This brings us to Procare's claim that its claim was not mature at the time of Gull's state court suit. A compulsory counterclaim must arise out of the transaction or occurrence that is the subject matter of the opposing party's claim and also be mature and owned by the pleader at the time he serves his pleading. Magna Pictures Corp. v. Paramount Pictures Corp., 265 F. Supp. 144, 152 (D.C.Cal.1967). "Where a defendant acquires a claim [or his claim becomes mature] after his answer has been filed it is not a compulsory counterclaim even if it arises out of the same transaction." Arch Mineral Corp. v. Lujan, 911 F.2d 408, 412 (10th Cir. 1990).

There is ample evidence in the record that as early as six months before the time expired for Procare to answer the Utah complaint, Procare was not only aware of the grounds for its claim against Gull, it had consulted counsel and was contemplating suit based upon that claim. Accordingly, we conclude that Procare's claim against Gull was a fully mature compulsory counterclaim at the time Procare was required to answer Gull's state court suit.

We now turn to Procare's argument that the doctrine of laches excuses its failure to file its claim as a compulsory counterclaim in the Utah state court. "Laches is an equitable time limitation on a party's right to bring suit. The doctrine bars an action where a party's unexcused or unreasonable delay has prejudiced his adversary." Boone v. Mechanical Specialties, 609 F.2d 956, 958 (9th Cir. 1979). This doctrine clearly does not apply to the facts of this case. Because Procare provides neither legal support for an extension of the doctrine of laches to such an inapposite situation, nor factual support for its allegations that Gull behaved improperly in the state court action, we reject Procare's laches argument.

Gull requests that it be awarded reasonable attorney's fees and double its costs incurred on appeal on the basis that Procare's appeal is frivolous. Rule 38 of the Federal Rules of Appellate Procedure provides: "If a court of appeals shall determine that an appeal is frivolous, it may award just damages and single or double costs to the appellee." Additionally, " [w]here a judgment is affirmed by ... a court of appeals, the court in its discretion may adjudge to the prevailing party just damages for his delay, and single or double costs." 28 U.S.C. § 1912. This Court has determined that "an appeal is considered frivolous if the result is obvious or the appellant's arguments are wholly without merit." Adriana Intern. Corp. v. Thoeren, 913 F.2d 1406, 1417 (9th Cir. 1990), cert. denied, 498 U.S. 1109 (1991); Harrah's Club v. Van Blitter, 902 F.2d 774, 777 (9th Cir. 1990). Moreover, an appeal is frivolous if the arguments raised by the appellant are merely "rehashings of the facts and present hardly any legal analysis." Adriana, 913 F.2d at 1417.

The complaint in the Utah state action and the complaint in the federal action, on their face, refer to the same agreement between the parties. Procare has attempted to manufacture a dispute over this by unsupported reference to another, separate marketing agreement. However, the correspondence between the parties clearly indicates that the marketing agreement in Gull's Utah complaint was the same marketing agreement in Procare's claim and that Procare is and has been well aware that the two lawsuits arise out of the same agreement.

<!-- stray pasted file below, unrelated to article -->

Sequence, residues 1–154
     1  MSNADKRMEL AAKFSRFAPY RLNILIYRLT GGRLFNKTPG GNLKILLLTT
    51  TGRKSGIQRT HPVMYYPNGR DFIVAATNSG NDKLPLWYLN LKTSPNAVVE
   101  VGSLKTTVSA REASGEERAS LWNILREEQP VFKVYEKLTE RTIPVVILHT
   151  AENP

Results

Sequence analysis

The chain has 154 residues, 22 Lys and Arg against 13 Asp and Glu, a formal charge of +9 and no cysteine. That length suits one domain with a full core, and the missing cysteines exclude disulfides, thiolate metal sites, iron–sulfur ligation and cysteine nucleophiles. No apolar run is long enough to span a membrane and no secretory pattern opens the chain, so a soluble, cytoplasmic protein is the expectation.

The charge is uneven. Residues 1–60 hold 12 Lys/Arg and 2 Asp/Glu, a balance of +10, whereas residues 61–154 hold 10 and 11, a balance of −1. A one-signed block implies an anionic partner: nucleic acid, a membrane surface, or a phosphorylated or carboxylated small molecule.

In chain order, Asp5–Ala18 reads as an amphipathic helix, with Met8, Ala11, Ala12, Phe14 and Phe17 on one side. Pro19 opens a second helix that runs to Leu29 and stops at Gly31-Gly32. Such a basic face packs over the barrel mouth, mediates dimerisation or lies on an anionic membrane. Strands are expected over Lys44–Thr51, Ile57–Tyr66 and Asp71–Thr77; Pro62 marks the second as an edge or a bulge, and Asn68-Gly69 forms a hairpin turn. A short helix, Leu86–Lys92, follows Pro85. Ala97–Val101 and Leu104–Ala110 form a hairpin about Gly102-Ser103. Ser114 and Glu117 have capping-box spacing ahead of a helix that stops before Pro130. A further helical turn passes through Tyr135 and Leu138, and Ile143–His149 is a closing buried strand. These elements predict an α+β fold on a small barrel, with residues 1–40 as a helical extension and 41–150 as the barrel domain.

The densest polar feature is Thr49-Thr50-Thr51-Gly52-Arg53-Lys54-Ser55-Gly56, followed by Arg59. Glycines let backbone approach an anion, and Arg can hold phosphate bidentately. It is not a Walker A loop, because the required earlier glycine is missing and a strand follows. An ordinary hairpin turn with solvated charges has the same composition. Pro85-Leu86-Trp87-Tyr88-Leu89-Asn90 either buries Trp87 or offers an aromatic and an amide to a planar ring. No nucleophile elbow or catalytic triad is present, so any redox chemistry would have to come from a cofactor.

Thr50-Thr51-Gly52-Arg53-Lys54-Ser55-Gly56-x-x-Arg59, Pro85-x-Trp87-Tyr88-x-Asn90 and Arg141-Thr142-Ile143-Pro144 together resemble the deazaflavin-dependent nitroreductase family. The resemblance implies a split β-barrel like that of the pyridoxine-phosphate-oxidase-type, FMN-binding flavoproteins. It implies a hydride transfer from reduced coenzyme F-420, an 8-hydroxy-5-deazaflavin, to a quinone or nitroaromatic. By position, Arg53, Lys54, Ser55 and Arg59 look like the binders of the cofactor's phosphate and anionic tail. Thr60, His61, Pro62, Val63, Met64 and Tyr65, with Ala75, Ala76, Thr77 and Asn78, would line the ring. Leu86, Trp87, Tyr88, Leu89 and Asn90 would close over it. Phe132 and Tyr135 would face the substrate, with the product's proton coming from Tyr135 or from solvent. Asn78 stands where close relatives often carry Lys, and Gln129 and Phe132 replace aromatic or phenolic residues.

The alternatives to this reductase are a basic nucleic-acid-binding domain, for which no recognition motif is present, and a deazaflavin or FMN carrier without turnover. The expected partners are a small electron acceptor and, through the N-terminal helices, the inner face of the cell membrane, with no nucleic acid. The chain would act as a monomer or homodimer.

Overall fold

Moreover, the correspondence also indicates that Procare was not only aware of its claim against Gull, but contemplated filing it almost six months before its time to answer the Utah complaint expired. Finally, Procare's laches argument is without support in law or in fact.

Based on the foregoing, we determine that Procare's appeal is frivolous, and Gull is entitled to recover attorney's fees and costs from Procare in an amount to be determined by the district court.

Because Procare's claim should have been brought as a compulsory counterclaim in Gull's state court action, the district court's granting of summary judgment is AFFIRMED. Having determined Gull is entitled to attorney's fees and costs, we REMAND the case to the district court on this issue to determine the appropriate amount.

 *

This case is appropriate for submission on the briefs and without oral argument per Fed.R.App. 34(a) and 9th Cir.R. 34-4

 **

The Honorable Robert R. Merhige, Jr., Senior United States District Judge for the Eastern District of Virginia, sitting by designation

 ***

This disposition is not suitable for publication and may not be cited to or by the courts of this circuit except as provided by 9th Cir.R. 36-3

 1

Procare filed a motion to dismiss that was denied by the court. Subsequently, the court notified Procare that it had 20 days to answer the complaint. Procare attempted to answer through Egidio Cianciosi, who is not an attorney, and Gull moved for the court to strike the answer and enter default. The answer filed by Cianciosi did not make any counterclaims against Gull

 2

Procare raises the argument that its claim should not be barred because the default entered in the Utah state court does not have the res judicata effect necessary to barr Procare's present action. This argument is misplaced. The preclusive effect of the failure to raise a compulsory counterclaim in an earlier state court action is determined by state law and will be decided by either the doctrine of waiver, estoppel, or res judicata. Pochiro, 827 F.2d at 1253. Under Utah law, a claim that should have been raised as a compulsory counterclaim is considered waived. Kimball, 699 P.2d at 716; Mark VII Financial Consultants Corp. v. Smedley, 792 P.2d 130, 132 (Utah Ct.App.1990). Thus, the effect of the disposition of the Utah state court action under the doctrine of res judicata is irrelevant